Richer kids win more world language seats in few programs where district offers them
While parents are frustrated about the lack of world language programs in the K-5 grades of Cambridge’s school district, they compete fiercely for spots in its three kindergarten language immersion programs – with the city’s wealthier families winning the most seats, despite district rules about balancing classes socioeconomically.
The “vast majority” of applicants – and students – at the Spanish-English Amigos School and Chinese-immersion program continue to be paid-lunch families, meaning those from higher-income families, said Chief Operating Officer Jim Maloney.
As a result, the enrollment process for the programs is headed for some tinkering – again.
A policy change from 2013 that Maloney would like to reconsider gave enrollment priority to kindergarten applicants who proved they spoke the program language by taking a test through the Family Resource Center, which assigns schools under the guidance of Maloney and district “controlled choice” rules.
His perception is that many families are “paying for private preschools to teach their children a language” so they can have an advantage in the lottery, Maloney said at a May 12 committee roundtable, quoting another local educator as saying these preschools are “teaching to the test, making it more difficult for free- and reduced-lunch families to get in” to the bilingual programs.
Changing his mind
Maloney had been skeptical about maintaining a bilingual program at Amigos, the only K-8 school remaining after the Innovation Agenda created middle schools, given attrition problems and the difficulty of transferring students into the school much beyond first grade. But he told the committee he is changing his mind.
Interest in Amigos remains “pretty impressive,” usually the first- or second-most popular choice in the school lottery for incoming kindergartners, Maloney said. “It is very, very popular.”
The difficulty of meeting demand while balancing socioeconomic and language-based diversity is also faced at the King Open School’s Olá Portuguese-English and the Martin Luther King School Chinese Immersion programs.
Asked where children who have chosen Amigos but do not get a seat end up going to school, Maloney said “we don’t necessarily know where they go. The vast majority go to a school that is not one of their top three choices.” Some choose the Olá as their second choice, but most become “mandatory assignments,” he said, referring to being assigned a school not among their three choices. In the 2014 lottery for the current school year, there were 95 families who made Amigos their top choice with only 49 seats available, meaning 46 families were likely given mandatory assignments.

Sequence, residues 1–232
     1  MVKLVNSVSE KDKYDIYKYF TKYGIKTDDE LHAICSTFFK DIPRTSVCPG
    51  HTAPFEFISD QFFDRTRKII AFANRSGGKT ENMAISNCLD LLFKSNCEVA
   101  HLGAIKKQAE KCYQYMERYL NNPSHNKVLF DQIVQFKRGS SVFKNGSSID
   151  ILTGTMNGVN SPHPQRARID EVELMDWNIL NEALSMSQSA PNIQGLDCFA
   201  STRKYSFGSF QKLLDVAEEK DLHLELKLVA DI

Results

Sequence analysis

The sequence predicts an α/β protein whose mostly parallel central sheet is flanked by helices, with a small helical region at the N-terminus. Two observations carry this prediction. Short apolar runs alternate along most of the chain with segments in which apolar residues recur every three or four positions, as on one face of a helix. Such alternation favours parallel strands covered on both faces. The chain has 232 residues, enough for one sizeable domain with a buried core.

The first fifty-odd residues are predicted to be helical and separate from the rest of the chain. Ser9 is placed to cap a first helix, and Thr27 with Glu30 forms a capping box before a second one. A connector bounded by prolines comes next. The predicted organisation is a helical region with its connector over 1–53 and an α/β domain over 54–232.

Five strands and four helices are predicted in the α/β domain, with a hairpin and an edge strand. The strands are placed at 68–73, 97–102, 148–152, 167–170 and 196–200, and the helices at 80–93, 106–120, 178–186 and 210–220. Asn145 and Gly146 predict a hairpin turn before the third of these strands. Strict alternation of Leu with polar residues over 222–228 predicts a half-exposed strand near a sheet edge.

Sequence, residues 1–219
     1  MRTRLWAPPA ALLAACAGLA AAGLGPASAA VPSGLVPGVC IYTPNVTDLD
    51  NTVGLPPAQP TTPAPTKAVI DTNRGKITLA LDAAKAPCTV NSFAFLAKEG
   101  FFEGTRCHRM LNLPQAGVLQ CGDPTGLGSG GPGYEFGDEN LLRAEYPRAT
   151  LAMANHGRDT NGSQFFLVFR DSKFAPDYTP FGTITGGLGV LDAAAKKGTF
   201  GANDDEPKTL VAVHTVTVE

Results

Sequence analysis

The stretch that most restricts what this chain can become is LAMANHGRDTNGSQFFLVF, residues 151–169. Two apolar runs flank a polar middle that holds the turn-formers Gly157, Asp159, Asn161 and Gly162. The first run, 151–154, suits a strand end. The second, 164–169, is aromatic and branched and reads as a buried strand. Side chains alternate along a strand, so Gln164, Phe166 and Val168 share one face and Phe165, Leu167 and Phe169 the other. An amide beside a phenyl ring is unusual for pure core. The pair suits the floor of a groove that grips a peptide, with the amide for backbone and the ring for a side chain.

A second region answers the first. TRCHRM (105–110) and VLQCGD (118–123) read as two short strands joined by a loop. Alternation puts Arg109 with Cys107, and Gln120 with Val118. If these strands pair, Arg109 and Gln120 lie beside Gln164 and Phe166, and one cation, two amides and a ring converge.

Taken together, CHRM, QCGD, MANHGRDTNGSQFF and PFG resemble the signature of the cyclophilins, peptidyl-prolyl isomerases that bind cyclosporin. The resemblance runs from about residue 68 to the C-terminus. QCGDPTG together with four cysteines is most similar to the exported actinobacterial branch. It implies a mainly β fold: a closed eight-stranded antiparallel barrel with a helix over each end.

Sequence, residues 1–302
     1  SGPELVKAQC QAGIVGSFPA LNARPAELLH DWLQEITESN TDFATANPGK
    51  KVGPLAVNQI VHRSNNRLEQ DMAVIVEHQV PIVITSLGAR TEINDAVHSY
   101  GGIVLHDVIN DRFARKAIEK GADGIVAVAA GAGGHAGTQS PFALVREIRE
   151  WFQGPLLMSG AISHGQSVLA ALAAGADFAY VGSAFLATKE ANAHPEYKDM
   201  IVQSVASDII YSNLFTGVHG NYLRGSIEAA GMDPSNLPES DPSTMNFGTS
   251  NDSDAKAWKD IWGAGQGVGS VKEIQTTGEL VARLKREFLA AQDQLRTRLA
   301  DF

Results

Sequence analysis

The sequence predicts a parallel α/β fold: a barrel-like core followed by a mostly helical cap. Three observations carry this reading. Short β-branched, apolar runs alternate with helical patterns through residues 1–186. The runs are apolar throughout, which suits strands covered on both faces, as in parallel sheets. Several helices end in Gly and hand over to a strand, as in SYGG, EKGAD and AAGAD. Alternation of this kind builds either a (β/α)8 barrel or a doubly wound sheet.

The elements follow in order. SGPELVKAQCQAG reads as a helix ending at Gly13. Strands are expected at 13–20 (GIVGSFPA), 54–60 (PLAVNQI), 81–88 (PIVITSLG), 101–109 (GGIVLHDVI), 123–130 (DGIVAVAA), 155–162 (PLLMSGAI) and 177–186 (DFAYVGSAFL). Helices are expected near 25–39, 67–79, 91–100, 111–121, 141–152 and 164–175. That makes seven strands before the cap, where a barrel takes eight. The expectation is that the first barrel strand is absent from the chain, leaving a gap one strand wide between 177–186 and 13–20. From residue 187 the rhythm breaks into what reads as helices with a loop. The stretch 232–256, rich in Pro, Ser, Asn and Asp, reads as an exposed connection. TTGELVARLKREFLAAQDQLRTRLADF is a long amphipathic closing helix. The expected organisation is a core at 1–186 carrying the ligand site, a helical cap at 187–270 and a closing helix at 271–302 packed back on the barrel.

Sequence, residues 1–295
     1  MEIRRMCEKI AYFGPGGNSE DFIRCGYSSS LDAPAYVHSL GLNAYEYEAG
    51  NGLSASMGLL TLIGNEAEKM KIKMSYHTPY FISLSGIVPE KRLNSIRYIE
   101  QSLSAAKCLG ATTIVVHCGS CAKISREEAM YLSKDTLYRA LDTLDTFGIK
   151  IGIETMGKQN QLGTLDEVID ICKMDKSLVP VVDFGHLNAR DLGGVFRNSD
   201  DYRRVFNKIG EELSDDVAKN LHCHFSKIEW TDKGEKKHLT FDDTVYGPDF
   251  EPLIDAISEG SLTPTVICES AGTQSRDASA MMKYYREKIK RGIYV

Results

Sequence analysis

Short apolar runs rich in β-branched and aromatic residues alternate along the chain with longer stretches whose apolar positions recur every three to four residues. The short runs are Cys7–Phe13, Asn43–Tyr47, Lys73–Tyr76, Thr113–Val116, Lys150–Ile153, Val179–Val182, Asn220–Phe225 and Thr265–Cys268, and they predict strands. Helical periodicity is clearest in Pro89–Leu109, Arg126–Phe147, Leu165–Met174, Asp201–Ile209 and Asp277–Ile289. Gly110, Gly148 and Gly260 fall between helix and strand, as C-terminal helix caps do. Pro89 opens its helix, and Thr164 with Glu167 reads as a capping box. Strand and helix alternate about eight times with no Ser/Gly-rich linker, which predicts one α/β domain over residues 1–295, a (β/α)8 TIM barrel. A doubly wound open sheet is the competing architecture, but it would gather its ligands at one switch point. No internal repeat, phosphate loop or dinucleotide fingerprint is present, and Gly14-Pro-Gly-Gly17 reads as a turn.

Also in 2013, an “internal transfer policy” was created allowing junior kindergarten students in all-English programs at the King and King Open schools to transfer into the Chinese Immersion or Olá programs in kindergarten. (The Chinese Immersion program runs from JK through second grade; after that students may participate in a modified, “partial-immersion” program.) The goal, Maloney said, had been “to increase overall applicants to the King School of paid students” but also to encourage interest in the bilingual programs. The upshot: Just a few immersion kindergarten seats are available – only four for Chinese Immersion in the 2015 lottery.
In three years, Maloney said, only one free-lunch family has used this transfer.
He is proposing to review the issue with the King School and King Open School principals and communities.
It wasn’t until spring 2012 that Amigos was even included in district rules about socioeconomic balance – because, in the 20-plus years since Amigos started, it had gradually become a school serving mostly English-speaking kids and very few poor kids. (The School Committee’s 4-3 vote to make the change caused a stir not because of the content but because of timing – in the middle of the admissions season, after the January lottery, in a mid-game rules change and immediate shuffling of the school’s wait list.)
“How do we do that?”
“It sounds like we could use another class in the Amigos school,” committee member Fred Fantini said. “But how do we do that with that building?” The Amigos school is tight on space, and its aging building was out of use because of its poor condition before being pressed back into service to accommodate Amigos after the Innovation Agenda restructuring.
Maloney said there were “several solutions for addressing the demand for Spanish immersion programs in the city,” citing the “middle school language program” in the four stand-alone upper schools as one avenue to explore. He did not offer specifics.
Maloney agreed that addressing bilingual program demand should “be added to the list” of upcoming considerations. He also suggested running a separate, earlier lottery for immersion programs, as they do for Montessori, which should decrease resulting mandatory assignments, Maloney pointed out, since if they do not get in via the language lottery they may still enter the regular lottery on the same footing as other families.
The committee at its May 5 meeting agreed to convene a meeting to “develop a short-term and long-term plan … to ensure the growth and success” of Amigos, where presumably these lottery issues will be part of the discussion. It has been scheduled for 4 to 6 tonight in the second-floor Amigos library at 15 Upton St., in the Cambridgeport neighborhood.
Committee member Kathleen Kelly had suggested that the Amigos meeting precede a broader roundtable discussion on the status of the upper schools, scheduled for May 26.